During the recent Penn State Turf Conference, many superintendents were discussing their fall activities in preparation for winter and snow mold control. Other issues, such as putting green topdressing, late season aeration, drainage, tree maintenance and equipment maintenance were discussed in detail. However, one of the biggest concerns focused on dealing with another summer like 2010.
There are still many agronomic programs that need to be completed before winter is here, and it is never too early to communicate with golfers and committees about course setup for the New Year. Defining the course setup allows for a more accurate determination of the necessary programs to achieve course playability criteria. The Green and/or Golf Committees define the course setup, and the maintenance staff are charged with meeting golfer expectations. Without a defined setup document, it is very difficult to meet expectations. In effect, it is like trying to hit a moving target. Now is the time to come together, put on a pot of coffee, and decide how the course should play and, ultimately, be maintained. Only then can an accurate and realistic budget be outlined.
This past season, there was much discussion about developing fast and firm conditioning. Contrary to many golfers’ beliefs, fast and firm playing conditions are not achieved by simply turning off the irrigation. There must be a holistic plan put forth to develop this playing condition, and once the plan is in hand, it may need to be implemented over a number of years to achieve the desired playing quality. The Mid-Atlantic regional conferences scheduled for Richmond, Virginia on March 8th and Baltimore, Maryland on March 15th will offer presentations on the issue.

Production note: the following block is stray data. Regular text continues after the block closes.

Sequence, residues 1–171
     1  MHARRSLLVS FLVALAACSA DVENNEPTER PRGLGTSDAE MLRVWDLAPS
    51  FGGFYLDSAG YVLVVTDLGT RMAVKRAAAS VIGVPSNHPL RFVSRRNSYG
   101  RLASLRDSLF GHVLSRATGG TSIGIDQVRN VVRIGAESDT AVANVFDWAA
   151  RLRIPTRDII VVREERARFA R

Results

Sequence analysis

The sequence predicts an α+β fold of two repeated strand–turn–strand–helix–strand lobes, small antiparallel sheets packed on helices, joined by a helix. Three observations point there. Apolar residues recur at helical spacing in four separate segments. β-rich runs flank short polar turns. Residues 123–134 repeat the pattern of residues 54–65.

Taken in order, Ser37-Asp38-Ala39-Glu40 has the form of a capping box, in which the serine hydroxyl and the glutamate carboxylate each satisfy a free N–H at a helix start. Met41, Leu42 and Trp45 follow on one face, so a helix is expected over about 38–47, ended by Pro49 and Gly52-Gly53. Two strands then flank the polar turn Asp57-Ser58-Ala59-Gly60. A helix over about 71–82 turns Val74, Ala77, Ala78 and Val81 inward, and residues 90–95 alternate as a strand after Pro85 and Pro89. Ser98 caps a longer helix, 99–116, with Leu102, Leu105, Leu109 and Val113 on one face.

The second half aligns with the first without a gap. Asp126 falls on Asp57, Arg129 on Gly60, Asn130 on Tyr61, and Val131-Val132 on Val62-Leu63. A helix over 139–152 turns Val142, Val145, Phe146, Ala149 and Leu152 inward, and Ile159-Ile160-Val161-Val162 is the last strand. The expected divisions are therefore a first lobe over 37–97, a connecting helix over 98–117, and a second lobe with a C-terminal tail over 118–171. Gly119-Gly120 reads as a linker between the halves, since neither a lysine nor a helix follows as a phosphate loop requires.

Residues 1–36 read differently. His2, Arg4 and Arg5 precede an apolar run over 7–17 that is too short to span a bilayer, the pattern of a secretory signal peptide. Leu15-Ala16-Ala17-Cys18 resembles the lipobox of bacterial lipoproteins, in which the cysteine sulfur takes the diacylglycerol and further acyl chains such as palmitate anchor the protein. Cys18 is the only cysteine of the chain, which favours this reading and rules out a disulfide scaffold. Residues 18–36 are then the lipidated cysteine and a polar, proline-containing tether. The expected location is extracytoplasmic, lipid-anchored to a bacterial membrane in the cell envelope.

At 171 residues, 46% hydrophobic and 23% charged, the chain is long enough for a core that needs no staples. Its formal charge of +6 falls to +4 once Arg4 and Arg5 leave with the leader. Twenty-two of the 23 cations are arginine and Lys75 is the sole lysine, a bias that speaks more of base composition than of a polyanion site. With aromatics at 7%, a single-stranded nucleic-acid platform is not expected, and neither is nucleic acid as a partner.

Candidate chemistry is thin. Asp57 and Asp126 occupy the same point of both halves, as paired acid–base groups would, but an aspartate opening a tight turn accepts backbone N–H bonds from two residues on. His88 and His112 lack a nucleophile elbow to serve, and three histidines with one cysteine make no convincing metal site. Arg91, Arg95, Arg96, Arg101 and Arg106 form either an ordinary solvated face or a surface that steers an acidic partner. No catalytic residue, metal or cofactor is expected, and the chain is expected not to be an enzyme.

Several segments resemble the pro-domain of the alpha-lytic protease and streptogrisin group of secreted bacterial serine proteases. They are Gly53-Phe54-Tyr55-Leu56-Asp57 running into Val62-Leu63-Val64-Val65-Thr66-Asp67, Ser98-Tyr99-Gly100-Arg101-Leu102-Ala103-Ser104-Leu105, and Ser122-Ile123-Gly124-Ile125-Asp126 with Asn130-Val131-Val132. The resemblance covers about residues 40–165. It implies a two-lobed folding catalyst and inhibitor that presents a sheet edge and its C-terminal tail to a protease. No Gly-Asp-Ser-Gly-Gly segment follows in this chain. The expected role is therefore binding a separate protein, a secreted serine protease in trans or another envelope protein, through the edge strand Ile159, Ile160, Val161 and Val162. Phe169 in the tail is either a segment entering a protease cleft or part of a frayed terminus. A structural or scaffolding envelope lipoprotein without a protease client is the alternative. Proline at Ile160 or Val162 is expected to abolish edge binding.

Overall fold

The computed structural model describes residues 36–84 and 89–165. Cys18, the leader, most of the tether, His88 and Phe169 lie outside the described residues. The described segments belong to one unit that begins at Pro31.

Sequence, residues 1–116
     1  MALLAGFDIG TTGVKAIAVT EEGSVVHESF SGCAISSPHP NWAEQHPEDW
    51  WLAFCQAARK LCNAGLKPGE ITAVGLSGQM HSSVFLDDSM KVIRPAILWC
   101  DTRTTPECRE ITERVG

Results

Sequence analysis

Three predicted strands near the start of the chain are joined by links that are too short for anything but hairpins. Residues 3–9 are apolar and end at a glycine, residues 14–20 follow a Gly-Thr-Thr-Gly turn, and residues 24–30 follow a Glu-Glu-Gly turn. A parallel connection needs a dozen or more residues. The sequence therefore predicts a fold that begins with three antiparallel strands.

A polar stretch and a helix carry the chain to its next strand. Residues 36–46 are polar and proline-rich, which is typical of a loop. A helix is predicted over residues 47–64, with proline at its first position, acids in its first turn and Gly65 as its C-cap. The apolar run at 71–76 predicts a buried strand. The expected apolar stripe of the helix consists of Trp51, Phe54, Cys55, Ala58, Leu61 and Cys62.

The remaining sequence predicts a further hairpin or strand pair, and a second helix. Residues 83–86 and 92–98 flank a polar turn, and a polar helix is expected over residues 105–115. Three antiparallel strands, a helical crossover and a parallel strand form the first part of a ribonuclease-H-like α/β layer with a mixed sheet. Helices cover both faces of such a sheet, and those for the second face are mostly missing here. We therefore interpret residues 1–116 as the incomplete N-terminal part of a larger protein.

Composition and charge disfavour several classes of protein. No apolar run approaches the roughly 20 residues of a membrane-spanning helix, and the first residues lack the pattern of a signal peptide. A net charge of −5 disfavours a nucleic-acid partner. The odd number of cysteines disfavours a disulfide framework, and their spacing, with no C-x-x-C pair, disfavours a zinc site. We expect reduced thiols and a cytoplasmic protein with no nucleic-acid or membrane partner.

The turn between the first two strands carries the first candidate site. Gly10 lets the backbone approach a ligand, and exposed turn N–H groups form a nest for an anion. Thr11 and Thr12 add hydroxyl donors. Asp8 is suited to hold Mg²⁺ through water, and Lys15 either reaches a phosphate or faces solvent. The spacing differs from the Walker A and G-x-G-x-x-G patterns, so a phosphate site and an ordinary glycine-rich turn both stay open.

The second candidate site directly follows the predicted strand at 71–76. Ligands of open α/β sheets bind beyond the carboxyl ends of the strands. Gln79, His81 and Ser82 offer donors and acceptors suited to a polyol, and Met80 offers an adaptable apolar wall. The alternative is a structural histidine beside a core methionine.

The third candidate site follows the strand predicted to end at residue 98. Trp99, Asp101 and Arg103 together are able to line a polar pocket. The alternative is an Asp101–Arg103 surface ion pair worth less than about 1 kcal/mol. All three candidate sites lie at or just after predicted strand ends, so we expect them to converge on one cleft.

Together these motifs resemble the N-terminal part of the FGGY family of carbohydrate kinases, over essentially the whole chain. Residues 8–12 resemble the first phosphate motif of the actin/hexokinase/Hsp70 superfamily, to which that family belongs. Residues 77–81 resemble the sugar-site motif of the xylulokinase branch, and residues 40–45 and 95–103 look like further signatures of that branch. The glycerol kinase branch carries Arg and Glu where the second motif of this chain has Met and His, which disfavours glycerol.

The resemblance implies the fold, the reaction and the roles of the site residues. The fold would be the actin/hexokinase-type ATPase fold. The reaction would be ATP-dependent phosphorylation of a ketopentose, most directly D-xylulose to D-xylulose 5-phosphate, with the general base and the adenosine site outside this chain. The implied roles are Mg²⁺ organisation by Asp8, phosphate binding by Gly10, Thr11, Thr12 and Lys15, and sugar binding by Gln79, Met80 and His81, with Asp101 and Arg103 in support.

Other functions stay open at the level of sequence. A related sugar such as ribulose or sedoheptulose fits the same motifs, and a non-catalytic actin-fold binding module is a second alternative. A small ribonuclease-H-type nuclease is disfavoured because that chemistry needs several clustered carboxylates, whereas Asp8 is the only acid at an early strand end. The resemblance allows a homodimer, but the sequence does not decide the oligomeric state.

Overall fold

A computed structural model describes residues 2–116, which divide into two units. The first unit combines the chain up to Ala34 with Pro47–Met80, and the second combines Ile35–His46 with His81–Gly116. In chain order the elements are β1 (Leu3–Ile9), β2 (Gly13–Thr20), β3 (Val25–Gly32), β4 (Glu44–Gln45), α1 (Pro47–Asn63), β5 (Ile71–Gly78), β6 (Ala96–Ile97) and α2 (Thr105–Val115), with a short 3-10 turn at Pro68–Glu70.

As we move into the next phase in the change of season, put forth every effort to do at least one or two things that will make your course operation better. For example, it is not too early to give us a call to schedule a Turf Advisory Service visit for next season. Open discussion with course officials can be very productive. Golfers’ concerns can be addressed, programs can be discussed, and realistic expectations and goals can be put forth.
The Mid-Atlantic Region agronomists are part of your agronomic support team. If you have a question or concern, give us a call or send an e-mail. You can reach Stan Zontek (firstname.lastname@example.org) and Darin Bevard (email@example.com) at 610/ 558-9066 or Keith Happ (firstname.lastname@example.org) at 412/ 341-5922.